Mercedes driver Lewis Hamilton equaled Michael Schumacher's record of 91 Formula 1 Grand Prix wins with victory in Sunday's Eifel Grand Prix at the Nurburgring in Germany.
Hamilton's win also saw him take a giant step towards his seventh F1 world championship, as his teammate and closest title rival Valtteri Bottas failed to score after retiring with engine trouble.
The disruption to the 2020 F1 season caused by the COVID-19 pandemic meant the Eifel Grand Prix was a late addition to the calendar, with F1 returning to the Nurburgring for the first time since 2013.
Added to this the fact that the race was run in much colder conditions than usual, and that both of Friday's practise sessions had been washed out, there was an air of uncertainty for teams and drivers as they began the race.
Starting from pole position in a race he needed to win to eat into Hamilton's championship lead, Bottas held off the Briton in the opening stages but lost the lead after locking a wheel on lap 13, before pulling off six laps later for his first retirement of the season.
Though a late race safety car period bunched the pack up and caused several drivers to complain that their tyres were becoming too cold, Hamilton was never truly threatened as he crossed the line for his landmark win.
"When you grow up watching someone, you idolise them for what they're able to do, year on year and race on race," said Hamilton, who was gifted one of Schumacher's helmets by son Mick after the race.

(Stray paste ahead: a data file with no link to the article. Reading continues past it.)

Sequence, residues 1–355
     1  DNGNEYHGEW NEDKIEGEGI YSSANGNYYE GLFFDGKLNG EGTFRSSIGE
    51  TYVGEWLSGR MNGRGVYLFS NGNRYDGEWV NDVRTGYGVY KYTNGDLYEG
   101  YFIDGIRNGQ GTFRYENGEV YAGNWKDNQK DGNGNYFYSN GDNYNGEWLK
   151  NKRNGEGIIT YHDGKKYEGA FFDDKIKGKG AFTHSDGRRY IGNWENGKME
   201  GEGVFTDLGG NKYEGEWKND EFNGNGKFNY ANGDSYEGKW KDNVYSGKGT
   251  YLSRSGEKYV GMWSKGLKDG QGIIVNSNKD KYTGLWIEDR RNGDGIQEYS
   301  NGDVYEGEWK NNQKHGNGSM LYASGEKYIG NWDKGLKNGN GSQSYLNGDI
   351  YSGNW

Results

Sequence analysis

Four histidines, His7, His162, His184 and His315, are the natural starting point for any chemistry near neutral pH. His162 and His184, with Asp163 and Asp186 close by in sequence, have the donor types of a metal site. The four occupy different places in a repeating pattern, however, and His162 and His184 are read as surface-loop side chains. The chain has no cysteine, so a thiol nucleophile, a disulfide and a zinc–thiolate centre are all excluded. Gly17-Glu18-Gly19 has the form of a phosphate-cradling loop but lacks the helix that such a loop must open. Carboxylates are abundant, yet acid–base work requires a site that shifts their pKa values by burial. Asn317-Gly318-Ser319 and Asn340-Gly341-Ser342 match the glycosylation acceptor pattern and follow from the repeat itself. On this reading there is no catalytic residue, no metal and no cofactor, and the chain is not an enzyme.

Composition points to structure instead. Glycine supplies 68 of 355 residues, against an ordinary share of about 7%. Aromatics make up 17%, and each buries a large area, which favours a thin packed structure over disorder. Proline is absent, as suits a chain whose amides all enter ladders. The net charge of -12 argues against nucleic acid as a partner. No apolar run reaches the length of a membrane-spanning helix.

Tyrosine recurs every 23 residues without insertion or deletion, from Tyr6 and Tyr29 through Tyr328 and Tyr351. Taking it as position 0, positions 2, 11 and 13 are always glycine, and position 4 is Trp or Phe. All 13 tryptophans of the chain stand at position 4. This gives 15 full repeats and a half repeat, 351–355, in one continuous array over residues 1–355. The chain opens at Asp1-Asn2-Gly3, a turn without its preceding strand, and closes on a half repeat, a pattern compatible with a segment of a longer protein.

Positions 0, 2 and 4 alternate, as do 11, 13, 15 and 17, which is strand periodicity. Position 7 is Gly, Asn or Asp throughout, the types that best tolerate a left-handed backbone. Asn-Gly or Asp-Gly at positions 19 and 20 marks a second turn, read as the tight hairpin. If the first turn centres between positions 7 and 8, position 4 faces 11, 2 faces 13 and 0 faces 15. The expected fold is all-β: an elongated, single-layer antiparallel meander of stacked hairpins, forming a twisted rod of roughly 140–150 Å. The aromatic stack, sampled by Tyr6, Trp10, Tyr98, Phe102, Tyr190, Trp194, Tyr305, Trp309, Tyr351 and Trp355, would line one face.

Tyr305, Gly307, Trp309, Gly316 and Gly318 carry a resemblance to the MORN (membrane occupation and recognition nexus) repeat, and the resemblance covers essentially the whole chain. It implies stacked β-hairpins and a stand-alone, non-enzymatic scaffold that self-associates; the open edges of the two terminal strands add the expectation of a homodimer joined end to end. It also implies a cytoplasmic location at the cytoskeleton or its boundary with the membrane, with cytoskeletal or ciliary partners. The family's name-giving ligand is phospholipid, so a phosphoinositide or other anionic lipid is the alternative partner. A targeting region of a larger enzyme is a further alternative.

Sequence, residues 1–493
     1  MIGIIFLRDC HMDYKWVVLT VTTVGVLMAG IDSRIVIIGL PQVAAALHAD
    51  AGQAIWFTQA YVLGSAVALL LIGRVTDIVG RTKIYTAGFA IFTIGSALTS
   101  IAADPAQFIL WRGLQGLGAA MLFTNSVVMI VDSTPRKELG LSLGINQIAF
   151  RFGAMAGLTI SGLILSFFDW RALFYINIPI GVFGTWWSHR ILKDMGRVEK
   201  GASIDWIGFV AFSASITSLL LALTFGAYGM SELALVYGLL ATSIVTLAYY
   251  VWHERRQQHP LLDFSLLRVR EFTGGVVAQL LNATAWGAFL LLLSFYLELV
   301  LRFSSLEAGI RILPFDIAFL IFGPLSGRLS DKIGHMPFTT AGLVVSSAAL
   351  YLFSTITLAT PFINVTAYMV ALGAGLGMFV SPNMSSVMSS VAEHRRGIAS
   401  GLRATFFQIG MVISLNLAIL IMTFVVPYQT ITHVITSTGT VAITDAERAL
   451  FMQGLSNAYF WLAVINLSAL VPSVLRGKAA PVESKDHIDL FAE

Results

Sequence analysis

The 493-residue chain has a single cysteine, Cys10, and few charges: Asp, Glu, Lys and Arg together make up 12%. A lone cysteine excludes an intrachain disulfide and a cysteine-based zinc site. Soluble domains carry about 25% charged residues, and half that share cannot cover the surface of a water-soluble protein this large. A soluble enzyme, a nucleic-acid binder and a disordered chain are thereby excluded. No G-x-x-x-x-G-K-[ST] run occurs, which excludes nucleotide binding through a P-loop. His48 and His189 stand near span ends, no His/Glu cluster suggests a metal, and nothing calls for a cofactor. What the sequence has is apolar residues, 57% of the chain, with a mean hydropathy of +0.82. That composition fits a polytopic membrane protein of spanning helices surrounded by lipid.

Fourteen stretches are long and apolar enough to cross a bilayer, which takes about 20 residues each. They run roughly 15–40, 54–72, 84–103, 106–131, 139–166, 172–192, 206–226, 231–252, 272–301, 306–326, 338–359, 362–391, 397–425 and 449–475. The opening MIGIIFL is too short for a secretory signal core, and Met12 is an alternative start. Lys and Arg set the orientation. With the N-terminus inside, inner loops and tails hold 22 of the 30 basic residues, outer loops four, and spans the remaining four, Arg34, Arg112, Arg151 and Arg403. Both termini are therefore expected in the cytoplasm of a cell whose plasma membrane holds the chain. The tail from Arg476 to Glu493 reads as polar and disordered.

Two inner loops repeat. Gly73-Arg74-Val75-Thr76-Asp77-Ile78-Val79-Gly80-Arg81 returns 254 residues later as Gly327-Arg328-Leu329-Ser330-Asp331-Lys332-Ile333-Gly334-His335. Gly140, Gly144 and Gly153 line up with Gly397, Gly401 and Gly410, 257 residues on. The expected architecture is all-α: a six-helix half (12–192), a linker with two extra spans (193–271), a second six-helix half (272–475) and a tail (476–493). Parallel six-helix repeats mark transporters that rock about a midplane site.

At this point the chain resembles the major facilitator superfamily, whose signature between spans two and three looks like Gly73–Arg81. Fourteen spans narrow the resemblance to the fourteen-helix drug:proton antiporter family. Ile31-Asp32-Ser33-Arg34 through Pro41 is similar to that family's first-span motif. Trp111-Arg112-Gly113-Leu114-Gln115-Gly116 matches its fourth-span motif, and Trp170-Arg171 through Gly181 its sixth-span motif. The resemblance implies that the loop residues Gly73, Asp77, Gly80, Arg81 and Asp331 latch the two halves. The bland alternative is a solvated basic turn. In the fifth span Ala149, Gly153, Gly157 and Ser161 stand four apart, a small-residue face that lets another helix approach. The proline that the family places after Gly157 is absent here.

"Seeing his dominance for so long, I don't think anyone - and especially me - thought I'd be anywhere near Michael's records. It's an incredible honour."
Red Bull's Max Verstappen was the only driver to come close to the Briton on pace, finishing second and also taking home the bonus point for fastest lap. A strong weekend saw Daniel Ricciardo round out the top three, taking Renault's first podium as a constructor since 2011 and his first since leaving Red Bull in 2018.
Behind the top three, Racing Point's Sergio Perez finished a solid fourth, followed by the McLaren of Carlos Sainz, Pierre Gasly's AlphaTauri and Charles Leclerc in his Ferrari.
In an excellent eighth place was Nico Hulkenberg, once again featuring as a last-minute substitute for Racing Point after regular driver Lance Stroll was taken ill on Saturday morning, and the German showed well despite his limited running this weekend.
Haas' Romain Grosjean took a solid ninth place for his first points finish of 2020, with Alfa Romeo's Antonio Giovinazzi rounding out the top ten.
Further down the field, Giovinazzi's teammate Kimi Raikkonen finished a lowly 12th after an early clash with the Williams of George Russell, but the Finn also made a piece of F1 history by making his 323rd start, breaking Rubens Barrichello's long-standing record to become the sport's most experienced driver of all time.
In a race of unusual attrition by modern standards, five drivers failed to see the chequered flag. Following the early retirements of Russell and Bottas, Renault's Esteban Ocon, the Red Bull of Alex Albon and McLaren's Lando Norris all pulled off with mechanical trouble, with Norris' stricken car prompting the late deployment of the safety car.
Following his seventh win of the season, Hamilton extends his lead in the drivers' championship and now has 230 points. Despite his failure to score, Bottas remains second with 161 points, with Verstappen third on 147.
In the constructors' standings, Mercedes remain well out in front on 391 points, ahead of Red Bull with 211, with Racing Point moving up to third on 120 points.
The next round of the 2020 season sees Formula 1 visit the Portimao circuit for the first time for the Portuguese Grand Prix on October 25.